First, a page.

Hi guys. The President of our society, Steph, took part in The Society of St James’ Sleepout. This is her experience of it:
This was my third time attending SSJ’s Sleepout, so for the few weeks before I felt like a seasoned professional. In fact, until one week before, I felt great about it. Then the weather started to turn and I was genuinely worried. I started to dread the SleepOut, thinking that it was going to be a bitterly cold and a long night. It made me think about those who do not have a choice, and what it must be like for someone when they are staying with a friend who wants them out soon, what are they supposed to do? What would they have to do to stay warm? What would I be willing to do?
So, the night came and it was a great evening full of great food and music, with only the slightest undertone of ‘oh dear, what are we in for tonight?’ When it came time for sleeping, everyone seemed to exchange nervous glances at one another. One guy was being interviewed about how he prepared, a group of us listened intently—he had a bed of leaves and cardboard boxes before a small blanket, then his sleeping bag and one more on top. He finished off with a plan to listen to ACDC all night. We laughed and joked about how awful it was going to be. And then it was.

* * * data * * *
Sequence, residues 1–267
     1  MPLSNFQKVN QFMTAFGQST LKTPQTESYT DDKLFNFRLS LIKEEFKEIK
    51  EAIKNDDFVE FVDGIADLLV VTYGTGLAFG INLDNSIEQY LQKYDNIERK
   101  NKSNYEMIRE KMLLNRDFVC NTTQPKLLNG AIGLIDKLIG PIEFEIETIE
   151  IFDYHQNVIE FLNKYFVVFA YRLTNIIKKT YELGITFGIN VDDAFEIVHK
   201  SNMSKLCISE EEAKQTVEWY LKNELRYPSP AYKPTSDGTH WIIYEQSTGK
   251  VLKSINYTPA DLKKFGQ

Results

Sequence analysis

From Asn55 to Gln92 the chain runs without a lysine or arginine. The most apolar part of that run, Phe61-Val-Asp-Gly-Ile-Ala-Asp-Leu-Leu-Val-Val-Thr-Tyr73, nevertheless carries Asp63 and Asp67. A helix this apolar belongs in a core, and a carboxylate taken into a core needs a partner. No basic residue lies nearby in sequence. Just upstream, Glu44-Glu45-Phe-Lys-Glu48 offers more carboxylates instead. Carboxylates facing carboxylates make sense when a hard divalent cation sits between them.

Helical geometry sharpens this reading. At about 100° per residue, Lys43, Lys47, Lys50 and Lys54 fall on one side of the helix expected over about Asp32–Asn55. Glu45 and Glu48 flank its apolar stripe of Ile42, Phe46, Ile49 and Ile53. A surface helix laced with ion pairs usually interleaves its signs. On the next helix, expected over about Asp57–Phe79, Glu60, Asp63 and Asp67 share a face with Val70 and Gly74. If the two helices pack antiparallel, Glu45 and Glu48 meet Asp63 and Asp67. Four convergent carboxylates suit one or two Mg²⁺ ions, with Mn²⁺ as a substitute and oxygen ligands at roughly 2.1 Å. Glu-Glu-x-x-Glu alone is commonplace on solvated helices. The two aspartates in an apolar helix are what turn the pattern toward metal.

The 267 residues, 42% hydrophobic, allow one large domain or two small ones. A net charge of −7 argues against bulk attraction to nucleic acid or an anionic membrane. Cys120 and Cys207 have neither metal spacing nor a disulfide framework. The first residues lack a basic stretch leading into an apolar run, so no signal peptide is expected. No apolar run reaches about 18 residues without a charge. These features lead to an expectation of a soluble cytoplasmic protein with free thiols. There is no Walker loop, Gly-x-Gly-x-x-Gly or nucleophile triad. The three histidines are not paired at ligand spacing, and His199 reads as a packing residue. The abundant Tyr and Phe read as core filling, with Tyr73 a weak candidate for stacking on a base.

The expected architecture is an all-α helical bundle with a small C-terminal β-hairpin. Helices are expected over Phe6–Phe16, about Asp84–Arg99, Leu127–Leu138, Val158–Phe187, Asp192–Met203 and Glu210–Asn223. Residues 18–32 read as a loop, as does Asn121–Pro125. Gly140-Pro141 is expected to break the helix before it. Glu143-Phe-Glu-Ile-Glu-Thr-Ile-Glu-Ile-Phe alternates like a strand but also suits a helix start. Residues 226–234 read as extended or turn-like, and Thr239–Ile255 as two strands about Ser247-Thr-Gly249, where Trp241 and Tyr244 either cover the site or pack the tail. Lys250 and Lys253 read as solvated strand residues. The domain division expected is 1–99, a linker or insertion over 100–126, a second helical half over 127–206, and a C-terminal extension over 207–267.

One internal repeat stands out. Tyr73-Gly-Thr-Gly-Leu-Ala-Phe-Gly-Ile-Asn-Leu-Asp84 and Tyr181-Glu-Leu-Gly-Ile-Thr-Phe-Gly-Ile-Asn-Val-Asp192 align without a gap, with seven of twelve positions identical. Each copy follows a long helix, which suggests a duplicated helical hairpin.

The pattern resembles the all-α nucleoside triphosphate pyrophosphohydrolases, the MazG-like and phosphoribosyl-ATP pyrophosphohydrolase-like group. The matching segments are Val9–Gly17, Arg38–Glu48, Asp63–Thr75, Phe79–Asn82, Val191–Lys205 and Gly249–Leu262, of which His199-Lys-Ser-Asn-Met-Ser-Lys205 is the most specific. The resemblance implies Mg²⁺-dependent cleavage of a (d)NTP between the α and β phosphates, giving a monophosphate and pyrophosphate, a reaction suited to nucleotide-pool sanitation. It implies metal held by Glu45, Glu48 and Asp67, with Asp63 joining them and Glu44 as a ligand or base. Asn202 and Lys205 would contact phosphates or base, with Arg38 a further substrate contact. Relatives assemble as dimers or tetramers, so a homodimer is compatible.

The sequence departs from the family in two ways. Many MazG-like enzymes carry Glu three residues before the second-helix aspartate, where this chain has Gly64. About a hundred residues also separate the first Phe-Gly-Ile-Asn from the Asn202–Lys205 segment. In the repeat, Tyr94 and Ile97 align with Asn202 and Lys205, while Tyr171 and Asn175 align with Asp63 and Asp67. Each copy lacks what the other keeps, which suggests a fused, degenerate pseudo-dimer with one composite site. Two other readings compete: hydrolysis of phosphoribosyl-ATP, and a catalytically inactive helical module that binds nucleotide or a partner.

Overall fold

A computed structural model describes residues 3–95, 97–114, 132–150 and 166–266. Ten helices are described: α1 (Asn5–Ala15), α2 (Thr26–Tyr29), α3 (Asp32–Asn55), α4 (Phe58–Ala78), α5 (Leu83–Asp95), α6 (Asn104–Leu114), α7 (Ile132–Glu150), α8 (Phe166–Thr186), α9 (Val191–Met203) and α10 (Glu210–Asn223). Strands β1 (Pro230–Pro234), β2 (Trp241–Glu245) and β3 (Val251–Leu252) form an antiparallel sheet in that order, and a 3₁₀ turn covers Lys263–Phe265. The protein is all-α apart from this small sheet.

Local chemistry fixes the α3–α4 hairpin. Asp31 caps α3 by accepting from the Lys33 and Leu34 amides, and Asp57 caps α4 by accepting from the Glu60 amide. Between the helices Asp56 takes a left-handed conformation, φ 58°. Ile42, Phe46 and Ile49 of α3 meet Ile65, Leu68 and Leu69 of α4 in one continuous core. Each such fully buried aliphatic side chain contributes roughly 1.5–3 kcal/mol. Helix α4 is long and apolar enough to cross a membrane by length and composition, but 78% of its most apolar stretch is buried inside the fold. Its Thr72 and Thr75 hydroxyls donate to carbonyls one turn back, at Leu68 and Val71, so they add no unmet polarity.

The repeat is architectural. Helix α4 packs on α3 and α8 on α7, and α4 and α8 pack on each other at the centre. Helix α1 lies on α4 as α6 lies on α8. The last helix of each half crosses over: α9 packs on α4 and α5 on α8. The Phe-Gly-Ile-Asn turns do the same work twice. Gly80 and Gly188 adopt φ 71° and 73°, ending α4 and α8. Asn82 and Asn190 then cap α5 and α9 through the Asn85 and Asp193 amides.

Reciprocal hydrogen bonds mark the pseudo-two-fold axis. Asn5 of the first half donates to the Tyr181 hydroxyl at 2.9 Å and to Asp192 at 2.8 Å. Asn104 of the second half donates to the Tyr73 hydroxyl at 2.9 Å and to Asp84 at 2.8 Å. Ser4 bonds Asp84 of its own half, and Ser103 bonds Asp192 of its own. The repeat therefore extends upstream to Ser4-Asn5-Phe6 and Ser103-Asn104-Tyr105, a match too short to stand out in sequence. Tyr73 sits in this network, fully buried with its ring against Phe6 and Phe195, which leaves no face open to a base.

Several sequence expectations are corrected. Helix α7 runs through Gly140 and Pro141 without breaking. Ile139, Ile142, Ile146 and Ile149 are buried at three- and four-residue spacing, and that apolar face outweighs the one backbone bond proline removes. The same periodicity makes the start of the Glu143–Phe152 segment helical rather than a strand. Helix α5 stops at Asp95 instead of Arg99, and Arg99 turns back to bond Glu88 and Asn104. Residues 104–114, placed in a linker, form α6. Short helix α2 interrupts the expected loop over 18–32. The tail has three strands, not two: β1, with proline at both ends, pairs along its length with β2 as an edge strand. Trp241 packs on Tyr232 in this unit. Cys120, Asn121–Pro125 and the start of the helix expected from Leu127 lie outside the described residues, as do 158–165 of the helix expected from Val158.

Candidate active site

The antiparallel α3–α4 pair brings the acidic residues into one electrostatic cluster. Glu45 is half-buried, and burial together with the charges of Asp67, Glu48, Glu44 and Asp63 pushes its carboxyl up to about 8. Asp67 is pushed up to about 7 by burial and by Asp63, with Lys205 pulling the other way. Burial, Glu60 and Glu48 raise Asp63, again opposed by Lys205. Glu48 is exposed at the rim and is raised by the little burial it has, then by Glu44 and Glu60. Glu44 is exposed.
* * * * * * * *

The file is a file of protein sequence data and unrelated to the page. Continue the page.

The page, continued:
The wind kept cutting into any exposed part of my sleeping bag, I felt vulnerable despite knowing people were around, I didn’t feel comfortable enough to put both earphones in, so I listened to all the Friday night sounds. I worried that my sanitary pad would leak and how cold it would be trying to get up and out to go to the bathroom. I wondered what women do when they are sleeping rough on their periods. How do they manage? I had it for one night and was extremely uncomfortable. I can’t imagine.
I didn’t sleep at all and sat with friend most of the night. We talked and enjoyed each other’s company, breaking up the time with trips to get free coffee and hot water. By about 4:30, I started to feel a bit delirious, tripping over my words and thoughts from pure exhaustion. It made me wonder what it would do to someone’s mental health if they had even a few nights of sleeping rough. What kind of impact would that have on a developing brain, like so many of the young people who face homelessness?
By 5:00, time was crawling by, I wanted so badly to go home. I felt grateful to have a home. Once we had our McDonalds breakfast, we were free to go and the SleepOut had officially finished. It was again, a very humbling experience. It made me want to be more involved and work with local charities. Despite how awful it can be, I will probably be back to do it again next year. I think it’s important to push ourselves and attempt to take other people’s perspectives. Try to keep our compassion.